LOCATION: District Court of Massachusetts
DOCKET NO.: 115
DECIDED BY: Warren Court (1958-1962)
CITATION: 365 US 525 (1961)
ARGUED: Mar 02, 1961
DECIDED: Mar 20, 1961
Facts of the case
Media for Reynolds v. Cochran
Audio Transcription for Oral Argument - March 02, 1961 in Reynolds v. Cochran
-- habitual offender of the statute.
Now, the reason I say that it appears that the Florida Supreme Court has not decided the question is this.
In the subsequent case of Milan versus the State, a Florida case in 1958, when that question was presented, then the Court erred -- as to the second question, their Supreme Court had said -- the -- the Supreme Court of Florida held that the general statutes of limitations barred prosecution for an offense.
Now, here is the language of the Court, "The first of the above questions," as quote, "is not before the Court because there is no showing that appellant had actually said his entire sentence for the second offense, before the amended information was filed, charging him with being a second offender."
On this question, there is a difference of opinion among the members of the Court but as it is not right for determination under the record here, no useful purpose could be served by discussing it.
Now, what our suggestion want to do that the Florida Supreme Court in that later case, indicating that they didn't decide this question because there was a difference of opinion among the Justices of the Court, this Court might well apply the doctrine that where the State Supreme Court has not made an authoritative interpretation of a statute, this Court, when the matter is properly before it, may place its own interpretation upon the statute which in this case, to avoid the question of unconstitutionality on the ground of not observing due process, would require the Court to construe the statute to mean as the Court, in the Nelson case indicated, it might have been intended to mean that it only gave jurisdiction to the Court after a man had begun the service of his sentence or after the expiration of a term.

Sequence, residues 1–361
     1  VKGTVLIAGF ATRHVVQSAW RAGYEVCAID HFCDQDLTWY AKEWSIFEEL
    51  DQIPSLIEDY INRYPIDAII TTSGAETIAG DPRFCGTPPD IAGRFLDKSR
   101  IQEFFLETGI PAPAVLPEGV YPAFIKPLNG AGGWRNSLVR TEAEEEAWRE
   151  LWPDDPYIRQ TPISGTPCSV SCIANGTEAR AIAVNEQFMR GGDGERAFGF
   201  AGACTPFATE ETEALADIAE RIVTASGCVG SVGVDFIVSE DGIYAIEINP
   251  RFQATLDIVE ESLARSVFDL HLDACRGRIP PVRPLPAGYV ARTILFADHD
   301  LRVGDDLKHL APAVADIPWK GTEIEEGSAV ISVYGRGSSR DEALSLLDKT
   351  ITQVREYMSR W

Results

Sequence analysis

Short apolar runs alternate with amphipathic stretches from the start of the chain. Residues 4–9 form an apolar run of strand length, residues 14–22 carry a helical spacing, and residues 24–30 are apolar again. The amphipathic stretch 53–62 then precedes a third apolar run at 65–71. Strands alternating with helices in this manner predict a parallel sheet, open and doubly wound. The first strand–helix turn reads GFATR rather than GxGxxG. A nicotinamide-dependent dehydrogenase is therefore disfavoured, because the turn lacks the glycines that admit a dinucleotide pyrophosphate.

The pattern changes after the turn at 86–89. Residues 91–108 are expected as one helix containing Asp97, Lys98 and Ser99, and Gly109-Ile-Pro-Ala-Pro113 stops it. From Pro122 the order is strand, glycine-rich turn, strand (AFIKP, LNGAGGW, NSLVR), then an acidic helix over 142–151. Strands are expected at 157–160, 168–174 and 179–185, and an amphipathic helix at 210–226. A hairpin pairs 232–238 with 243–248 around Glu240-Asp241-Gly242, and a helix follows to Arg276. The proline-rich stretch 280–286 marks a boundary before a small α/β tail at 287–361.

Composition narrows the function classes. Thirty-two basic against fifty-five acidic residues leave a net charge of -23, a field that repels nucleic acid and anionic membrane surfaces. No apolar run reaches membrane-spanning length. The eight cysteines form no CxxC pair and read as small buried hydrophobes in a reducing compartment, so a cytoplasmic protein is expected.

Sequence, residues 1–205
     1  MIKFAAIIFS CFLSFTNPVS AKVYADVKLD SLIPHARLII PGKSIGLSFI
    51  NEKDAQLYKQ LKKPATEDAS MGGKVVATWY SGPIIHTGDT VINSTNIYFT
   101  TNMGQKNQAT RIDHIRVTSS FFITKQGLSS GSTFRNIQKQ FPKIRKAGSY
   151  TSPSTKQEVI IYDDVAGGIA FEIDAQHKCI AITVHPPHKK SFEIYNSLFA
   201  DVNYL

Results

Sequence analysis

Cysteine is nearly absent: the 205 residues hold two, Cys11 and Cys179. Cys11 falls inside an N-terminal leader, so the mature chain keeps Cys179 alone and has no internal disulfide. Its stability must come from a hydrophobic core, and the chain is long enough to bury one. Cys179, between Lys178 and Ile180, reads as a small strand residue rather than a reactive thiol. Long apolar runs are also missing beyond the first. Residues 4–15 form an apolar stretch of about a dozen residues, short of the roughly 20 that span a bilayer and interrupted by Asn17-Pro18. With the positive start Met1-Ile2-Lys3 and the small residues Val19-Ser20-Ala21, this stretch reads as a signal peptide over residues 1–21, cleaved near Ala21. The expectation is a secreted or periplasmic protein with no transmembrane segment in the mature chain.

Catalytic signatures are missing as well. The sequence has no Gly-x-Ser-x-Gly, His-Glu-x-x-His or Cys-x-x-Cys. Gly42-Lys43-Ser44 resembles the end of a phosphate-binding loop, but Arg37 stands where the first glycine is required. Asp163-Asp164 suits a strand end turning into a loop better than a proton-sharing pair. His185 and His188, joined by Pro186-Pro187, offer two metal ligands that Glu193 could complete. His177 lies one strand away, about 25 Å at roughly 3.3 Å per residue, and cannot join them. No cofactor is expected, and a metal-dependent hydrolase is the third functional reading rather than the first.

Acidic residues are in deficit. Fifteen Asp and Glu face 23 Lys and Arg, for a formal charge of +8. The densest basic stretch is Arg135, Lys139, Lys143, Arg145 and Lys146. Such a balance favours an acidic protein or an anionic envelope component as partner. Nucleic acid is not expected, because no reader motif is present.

But they didn't go so far as to apply to a case where a man had completed his service of the felony sentence and was free without any previous notice, without any concealment or without any conduct on his part that deterred the State from -- from bringing him within the encompass of the habitual offender statute.
So I'm saying, Your Honors, is that I would be grateful if the Court would take into account and keep in mind that if you construe the statute that way, then, unless they've got some other authority upon which to hold a man, this statute would not be a sufficient ground for his incarceration.
If they've got other grounds, of course, alright, let that appear.
Alright, and to avoid an interpretation of the statute that would raise a serious question of due process as to whether it could apply in case the State had sat by with no fault, at least on the part of the defendant, and allowed him to serve his sentence, get credit for his good time, become presumably good citizen again, and then be, once more, apprehended and incarcerated.